Important Australian Aboriginal Art
17 March 2021


(c.1910 – 1996)

synthetic polymer paint on linen

150.0 x 121.0 cm

bears inscription verso: artist's name and Delmore Gallery cat. B154

$150,000 – 250,000
Sold for $429,545 (inc. BP) in Auction 63 - 17 March 2021, Melbourne

Delmore Gallery, Alice Springs
Private collection, Melbourne


Emily Kame Kngwarreye, Paintings from 1989-1995, Works from the Delmore Collection, Parliament House, Canberra, 7 November – 3 December 1995
My Mother Country, Malerei Der Aborigines, Kunsthaus Zug, Switzerland, 29 Sept 2019 – 10 Feb 2020


Isaacs, J., Smith, T., Ryan, J., Holt, D., and Holt, J., Emily Kame Kngwarreye Paintings, Craftsman House, Sydney, 1998, p. 46, pl.3 (illus.)

Catalogue text

‘All the paintings of Emily Kngwarreye, so spectacular and diverse in style, express a central theme – that of her identification with the earth and land itself: Anmatyerre country, the country of the yam and the emu’. 1

When describing the first paintings on canvas produced by Kngwarreye such as Anooralya (Wild Yam), 1989, Judith Ryan sees a connection to, as well as an evolution from her earlier batiks, noting that these canvases ‘retain the linear network as an underlayer or foundation, but the dots that were subsidiary in her batik come to the surface … lines and dots converge in a dense field of irregular textured marks which create a sense of depth.’2

Janet Holt records in the accompanying certificate from Delmore Gallery that Anooralya (Wild Yam) was the eleventh canvas painted by Emily Kame Kngwarreye at Delmore Downs Station in 1989.3 A significant early work, the surface is replete with a full complement of the artist’s stylistic elements. Painted on a black ground, the underlying tracery of milky lines signifies the meandering roots of the yam below the earth and the tracks of the travelling emu moving between nesting sites above. The underlying pattern is covered by layers of dots painted in a traditional palette of earth colours; red, yellow and white, which represent the blanketing of seeds, flowers and leaves. Fundamentally, this work depicts the relationship between the emu and country. Beneath the soil the bush yam is ready for digging, while above, there is a flurry of movement as the male emu moves across the landscape feeding on various seeds, simultaneously shepherding his chicks into areas where the yam thrives.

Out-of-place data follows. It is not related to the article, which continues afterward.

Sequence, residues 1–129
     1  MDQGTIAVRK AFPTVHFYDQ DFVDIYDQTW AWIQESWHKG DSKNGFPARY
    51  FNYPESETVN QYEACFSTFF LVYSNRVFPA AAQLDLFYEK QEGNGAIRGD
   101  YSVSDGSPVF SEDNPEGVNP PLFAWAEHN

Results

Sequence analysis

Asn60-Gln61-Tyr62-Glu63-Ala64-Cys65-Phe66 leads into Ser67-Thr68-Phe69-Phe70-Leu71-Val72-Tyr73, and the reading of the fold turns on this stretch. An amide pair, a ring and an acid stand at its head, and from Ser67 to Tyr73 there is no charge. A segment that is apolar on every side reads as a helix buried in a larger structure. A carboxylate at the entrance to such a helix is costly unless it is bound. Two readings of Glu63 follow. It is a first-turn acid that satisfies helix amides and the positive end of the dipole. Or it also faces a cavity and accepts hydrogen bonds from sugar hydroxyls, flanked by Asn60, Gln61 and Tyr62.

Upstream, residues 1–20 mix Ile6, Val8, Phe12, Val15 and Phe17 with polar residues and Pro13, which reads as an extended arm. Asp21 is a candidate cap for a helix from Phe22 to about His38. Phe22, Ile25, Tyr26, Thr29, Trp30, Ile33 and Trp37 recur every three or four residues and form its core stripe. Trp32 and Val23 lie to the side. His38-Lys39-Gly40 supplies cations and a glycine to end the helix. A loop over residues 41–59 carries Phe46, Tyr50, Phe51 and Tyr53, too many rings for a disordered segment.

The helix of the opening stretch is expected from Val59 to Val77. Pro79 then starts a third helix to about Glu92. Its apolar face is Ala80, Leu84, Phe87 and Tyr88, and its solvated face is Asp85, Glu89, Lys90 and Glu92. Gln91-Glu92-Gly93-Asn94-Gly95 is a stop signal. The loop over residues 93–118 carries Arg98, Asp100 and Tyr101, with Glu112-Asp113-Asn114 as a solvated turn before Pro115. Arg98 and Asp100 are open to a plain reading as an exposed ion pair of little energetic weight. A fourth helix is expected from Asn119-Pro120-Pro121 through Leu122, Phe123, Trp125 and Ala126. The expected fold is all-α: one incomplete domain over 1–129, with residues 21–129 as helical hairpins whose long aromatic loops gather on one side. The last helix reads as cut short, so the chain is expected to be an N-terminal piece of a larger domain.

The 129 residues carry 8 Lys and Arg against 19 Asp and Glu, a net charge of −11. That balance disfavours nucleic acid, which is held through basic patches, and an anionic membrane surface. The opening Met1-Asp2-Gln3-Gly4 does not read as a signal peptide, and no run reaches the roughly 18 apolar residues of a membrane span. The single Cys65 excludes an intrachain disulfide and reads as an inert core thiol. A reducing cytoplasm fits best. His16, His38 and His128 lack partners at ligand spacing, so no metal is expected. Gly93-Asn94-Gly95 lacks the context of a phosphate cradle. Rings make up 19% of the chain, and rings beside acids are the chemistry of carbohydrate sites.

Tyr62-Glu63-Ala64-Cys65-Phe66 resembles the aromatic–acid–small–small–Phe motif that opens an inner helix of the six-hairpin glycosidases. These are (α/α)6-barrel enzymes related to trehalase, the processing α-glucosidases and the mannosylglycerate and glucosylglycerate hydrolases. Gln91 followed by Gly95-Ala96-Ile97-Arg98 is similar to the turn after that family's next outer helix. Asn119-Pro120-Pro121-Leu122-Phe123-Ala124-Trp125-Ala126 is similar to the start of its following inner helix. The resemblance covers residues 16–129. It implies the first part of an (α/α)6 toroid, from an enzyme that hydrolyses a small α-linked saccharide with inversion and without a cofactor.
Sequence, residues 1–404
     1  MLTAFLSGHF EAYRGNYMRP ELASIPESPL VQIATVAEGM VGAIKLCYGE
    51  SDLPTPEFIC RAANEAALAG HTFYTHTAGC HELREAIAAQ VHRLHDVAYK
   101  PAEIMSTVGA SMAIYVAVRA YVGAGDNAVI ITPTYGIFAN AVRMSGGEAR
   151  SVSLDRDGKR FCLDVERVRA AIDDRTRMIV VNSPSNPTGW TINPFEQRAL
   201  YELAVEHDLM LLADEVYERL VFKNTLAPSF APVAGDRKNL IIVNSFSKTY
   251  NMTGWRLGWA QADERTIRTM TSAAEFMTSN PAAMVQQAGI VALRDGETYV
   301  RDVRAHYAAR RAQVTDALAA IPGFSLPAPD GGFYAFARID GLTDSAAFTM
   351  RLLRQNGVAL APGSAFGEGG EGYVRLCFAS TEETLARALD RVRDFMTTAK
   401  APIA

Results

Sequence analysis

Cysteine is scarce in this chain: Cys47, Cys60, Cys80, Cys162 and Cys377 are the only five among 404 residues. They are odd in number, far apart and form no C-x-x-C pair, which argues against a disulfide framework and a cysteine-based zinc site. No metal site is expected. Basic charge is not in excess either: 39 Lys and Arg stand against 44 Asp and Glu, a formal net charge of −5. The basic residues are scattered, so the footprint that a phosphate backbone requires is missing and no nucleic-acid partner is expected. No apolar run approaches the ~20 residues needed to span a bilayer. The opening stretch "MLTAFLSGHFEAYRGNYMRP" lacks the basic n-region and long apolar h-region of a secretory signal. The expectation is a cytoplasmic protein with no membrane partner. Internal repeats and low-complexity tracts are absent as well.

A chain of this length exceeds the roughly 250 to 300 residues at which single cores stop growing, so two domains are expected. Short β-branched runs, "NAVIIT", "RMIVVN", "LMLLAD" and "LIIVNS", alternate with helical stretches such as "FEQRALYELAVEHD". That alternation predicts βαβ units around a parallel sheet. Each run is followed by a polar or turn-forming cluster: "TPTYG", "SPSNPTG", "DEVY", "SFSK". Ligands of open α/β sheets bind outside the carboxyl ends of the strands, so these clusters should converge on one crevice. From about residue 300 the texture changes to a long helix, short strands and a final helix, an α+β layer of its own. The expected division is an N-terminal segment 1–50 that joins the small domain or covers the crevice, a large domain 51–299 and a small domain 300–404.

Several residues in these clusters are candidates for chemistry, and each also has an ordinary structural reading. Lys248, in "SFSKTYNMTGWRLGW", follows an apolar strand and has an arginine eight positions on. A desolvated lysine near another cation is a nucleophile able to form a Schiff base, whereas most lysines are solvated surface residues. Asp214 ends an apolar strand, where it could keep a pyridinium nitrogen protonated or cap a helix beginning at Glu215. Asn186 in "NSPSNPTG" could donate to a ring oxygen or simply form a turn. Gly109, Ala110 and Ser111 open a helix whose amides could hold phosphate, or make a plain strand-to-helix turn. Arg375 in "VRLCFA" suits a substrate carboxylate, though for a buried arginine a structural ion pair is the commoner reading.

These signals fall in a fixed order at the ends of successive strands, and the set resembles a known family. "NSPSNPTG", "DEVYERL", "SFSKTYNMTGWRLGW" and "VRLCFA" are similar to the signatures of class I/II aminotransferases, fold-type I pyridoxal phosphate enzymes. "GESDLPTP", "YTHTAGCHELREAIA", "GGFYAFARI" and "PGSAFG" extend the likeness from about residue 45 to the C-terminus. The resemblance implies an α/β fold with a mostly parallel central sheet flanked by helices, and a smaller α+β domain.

The importance of Emily Kngwarreye in the history of twentieth century Australian art cannot be overstated, the body of work produced in the final stage of her life radically altered the way in which we view and appreciate modern Aboriginal art. Stemming from a lifetime of making art, where the visual and performative aspects are as important as language, her paintings reveal a deep affinity to country and a devotion to women’s ceremony in song, dance and the ceremonial painting of bodies. Celebrating the ever-changing seasonal variations in her homeland of Alhalkere and the related spiritual and domestic obligations to country, Kngwarreye’s painting demonstrate the interconnectedness of life, landscape and culture.

1. Isaacs, J., ‘Anmatyerre Woman’ in Emily Kngwarreye Paintings, Craftsman House, Sydney, 1998, p. 12
2. Ryan, J., ‘Emily Kngwarreye in the National Gallery of Victoria’ in Emily Kngwarreye Paintings, ibid., p. 79
3. From the accompanying Delmore Gallery certificate of authenticity